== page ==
Joy Writers: Take Two

August 9th was the date of our second Joy Write meeting. A group of teachers had agreed to read Ralph Fletcher’s latest book, Joy Write, come together twice over the summer and just “see what happens.” Of course Dawn, our host, started out by celebrating all those who had accepted the invitation to notice, observe, and write since our last meeting. The list of celebrants was long, the pride genuine.  You see, Dawn had intended for us to write and experience the joy during our first meeting, but the conversations were too rich and necessary to cut them short. But with all of that out of the way, Dawn was ready for us to experience the joy that we, along with Ralph Fletcher and so many others, know can be found in classrooms despite obstacles that seem to be getting in the way.

Dawn created three invitations to get us started. They began like this:

Writers-Let’s Play!

“Ideas live all around us in the tiniest objects and smallest moments.” -Lucy Calkins (Grade 2, Writing Units of Study)

“I believe Piaget was right: we learn by doing from our own experience.” -Ralph Fletcher (Joy Write-Page 20)

1. Writers Get Ideas From Books

  • Listen to the story for ideas-read the pictures
  • Draw an image that comes to mind
  • Write what you were thinking and feeling as you listened and read

Dawn read us When I Was Five by Arthur Howard. After reading, she gave us a few minutes to discuss our initial thinking before setting us off to reflect, sketch, and write. She told us to move around, go outside…find a place to work.

Here is my work from that initial invitation:IMG_5577.JPG

I drew a plastic green 5, that I received on my fifth birthday and I wrote:

A necklace I still have. Five was a big deal-a whole hand! It must have been special. I held onto this green plastic 5 for almost 30 years. It’s funny how the things that were significant to me, mean nothing to Wren who will turn five in five days. I don’t think she’s even thought of being a whole hand. I was a nervous wreck about everything when I was younger. The other day when I told her I was feeling sad about her going to kindergarten, she said, “But I’m going to have so much fun mom. And I’ll make so many new friends.” She’s reassuring me, not unlike how I was the one reassuring my mom as she cried on every college tour we went on. We are different in many ways, but also the same.

2. Writer’s Observe the World-

  • Choose an object-from basket, go outside, take something from inside the house
  • Study and observe it through sketching
  • Write what you see, feel, think as you draw and study

Dawn had gathered some bark that she collected during her morning run, something she has written about for a Slice of Life post of her own. I chose that to sketch. Others chose eggplants from the garden, flower pots, and seashells.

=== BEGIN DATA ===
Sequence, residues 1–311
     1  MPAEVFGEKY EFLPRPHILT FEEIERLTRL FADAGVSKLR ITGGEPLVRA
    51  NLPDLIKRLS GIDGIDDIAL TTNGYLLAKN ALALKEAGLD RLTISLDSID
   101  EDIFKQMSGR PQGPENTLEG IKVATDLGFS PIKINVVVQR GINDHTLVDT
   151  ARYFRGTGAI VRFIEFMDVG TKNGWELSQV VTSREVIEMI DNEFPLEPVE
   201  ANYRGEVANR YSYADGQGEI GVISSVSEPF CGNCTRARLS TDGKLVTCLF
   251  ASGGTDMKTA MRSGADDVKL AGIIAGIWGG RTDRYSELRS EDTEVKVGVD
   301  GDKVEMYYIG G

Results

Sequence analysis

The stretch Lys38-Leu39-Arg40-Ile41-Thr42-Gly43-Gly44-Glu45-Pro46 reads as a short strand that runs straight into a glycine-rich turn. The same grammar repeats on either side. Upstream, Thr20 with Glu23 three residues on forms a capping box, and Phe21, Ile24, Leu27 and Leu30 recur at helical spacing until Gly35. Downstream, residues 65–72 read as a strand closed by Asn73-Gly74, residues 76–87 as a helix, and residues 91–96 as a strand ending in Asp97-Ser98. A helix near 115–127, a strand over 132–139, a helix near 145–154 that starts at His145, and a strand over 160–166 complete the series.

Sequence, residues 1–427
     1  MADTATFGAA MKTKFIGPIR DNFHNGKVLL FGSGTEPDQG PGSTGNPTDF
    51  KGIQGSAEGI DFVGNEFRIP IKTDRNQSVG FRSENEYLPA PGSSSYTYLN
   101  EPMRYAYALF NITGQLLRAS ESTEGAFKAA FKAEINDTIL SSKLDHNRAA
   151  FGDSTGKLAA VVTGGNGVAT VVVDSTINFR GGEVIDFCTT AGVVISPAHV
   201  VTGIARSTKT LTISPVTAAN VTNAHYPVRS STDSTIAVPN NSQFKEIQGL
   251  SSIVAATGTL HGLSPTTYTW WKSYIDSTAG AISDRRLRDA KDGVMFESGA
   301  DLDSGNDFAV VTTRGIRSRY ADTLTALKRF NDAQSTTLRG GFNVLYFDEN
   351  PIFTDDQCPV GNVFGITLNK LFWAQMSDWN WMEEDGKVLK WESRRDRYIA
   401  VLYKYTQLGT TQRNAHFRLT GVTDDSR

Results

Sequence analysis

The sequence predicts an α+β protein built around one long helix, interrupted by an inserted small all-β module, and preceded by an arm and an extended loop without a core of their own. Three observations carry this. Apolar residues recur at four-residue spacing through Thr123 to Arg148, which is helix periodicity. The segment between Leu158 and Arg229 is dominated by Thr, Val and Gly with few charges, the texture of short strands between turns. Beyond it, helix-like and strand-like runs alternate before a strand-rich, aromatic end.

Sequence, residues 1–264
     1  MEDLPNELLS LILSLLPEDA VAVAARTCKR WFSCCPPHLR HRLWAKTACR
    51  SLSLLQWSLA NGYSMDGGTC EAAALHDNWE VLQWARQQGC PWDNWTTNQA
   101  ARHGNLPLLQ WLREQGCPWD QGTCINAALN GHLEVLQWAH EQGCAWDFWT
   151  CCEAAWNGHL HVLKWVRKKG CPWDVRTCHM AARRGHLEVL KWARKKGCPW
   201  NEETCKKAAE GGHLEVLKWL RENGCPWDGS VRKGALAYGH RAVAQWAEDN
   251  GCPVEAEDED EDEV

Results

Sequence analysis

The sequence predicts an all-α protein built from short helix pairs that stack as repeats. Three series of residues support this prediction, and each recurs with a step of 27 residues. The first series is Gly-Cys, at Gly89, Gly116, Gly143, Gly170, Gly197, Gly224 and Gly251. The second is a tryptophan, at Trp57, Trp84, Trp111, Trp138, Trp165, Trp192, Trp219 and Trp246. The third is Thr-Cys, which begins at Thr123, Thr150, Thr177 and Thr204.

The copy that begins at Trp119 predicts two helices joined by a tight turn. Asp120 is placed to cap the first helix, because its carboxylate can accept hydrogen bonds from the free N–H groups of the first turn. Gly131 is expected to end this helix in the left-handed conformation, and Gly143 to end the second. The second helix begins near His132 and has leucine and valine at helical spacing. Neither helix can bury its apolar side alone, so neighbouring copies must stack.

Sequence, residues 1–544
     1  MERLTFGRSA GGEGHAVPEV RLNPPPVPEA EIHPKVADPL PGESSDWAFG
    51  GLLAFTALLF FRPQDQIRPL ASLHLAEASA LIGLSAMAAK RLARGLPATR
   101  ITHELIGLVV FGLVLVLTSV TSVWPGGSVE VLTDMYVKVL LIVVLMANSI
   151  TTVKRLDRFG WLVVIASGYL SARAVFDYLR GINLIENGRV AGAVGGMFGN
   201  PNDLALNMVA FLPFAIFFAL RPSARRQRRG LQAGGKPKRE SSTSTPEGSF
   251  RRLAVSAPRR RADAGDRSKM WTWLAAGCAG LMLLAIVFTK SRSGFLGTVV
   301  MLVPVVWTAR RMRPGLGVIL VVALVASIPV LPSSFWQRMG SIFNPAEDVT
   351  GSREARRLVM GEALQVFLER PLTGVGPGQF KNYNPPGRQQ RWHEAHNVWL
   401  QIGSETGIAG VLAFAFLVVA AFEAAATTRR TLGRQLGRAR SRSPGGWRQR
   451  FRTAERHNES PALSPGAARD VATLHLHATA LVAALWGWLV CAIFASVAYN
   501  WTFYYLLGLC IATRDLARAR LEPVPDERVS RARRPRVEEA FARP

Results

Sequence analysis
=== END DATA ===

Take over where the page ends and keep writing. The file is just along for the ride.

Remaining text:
I wrote:

Let go of the old…old skin, bad thoughts…let them float down the river, fly away on a cloud. Just let it go.

During this sketching process, I got lost in the coloring, the mindlessness of shading in the brown bark. I thought of the tree shedding the bark, the reptile skin we had seen at the zoo the day before, and the mindful activities we had practiced during a faculty meeting in the spring-visualizing negative thoughts and feelings float away (a practice I’ve been experimenting with with my own kids!). All of those negative feelings, the stress and anxiety that makes us feel like our skin is too tight, like the bark. I’m also working on just letting it float away.

3. Copy to learn and think-

  • Copy the art card or part of the art card
  • Write what you are thinking as you copy. What did you discover?
  • Write the memory that bubbles up as you copy and think.

It’s not about making a pretty picture. It’s about thinking and discovery. Play!

I didn’t get to participate in this final invitation at the meeting, because I brought along my mini joy writer, Rose, who wasn’t feeling this particular invitation. I had found an art card that really spoke to me so I took a picture and vowed to try this one out on my own. But as I watched others work, the concentration, playfulness, and calm that filled the room, I thought about Dawn’s words about copying to learn. This made me think about mentor texts and how we use them. Generally speaking, I think we should use them a lot more! I participated in a Twitter chat recently where I Tweeted something like, “Once you begin reading like a writer, you can’t stop.” I’d like to do more of that work with kids (and teachers) this school year. More exploration and play as we study the books we are reading- I even started compiling a list as part of the #pb10for10 challenge on August 10th. You can read about that here.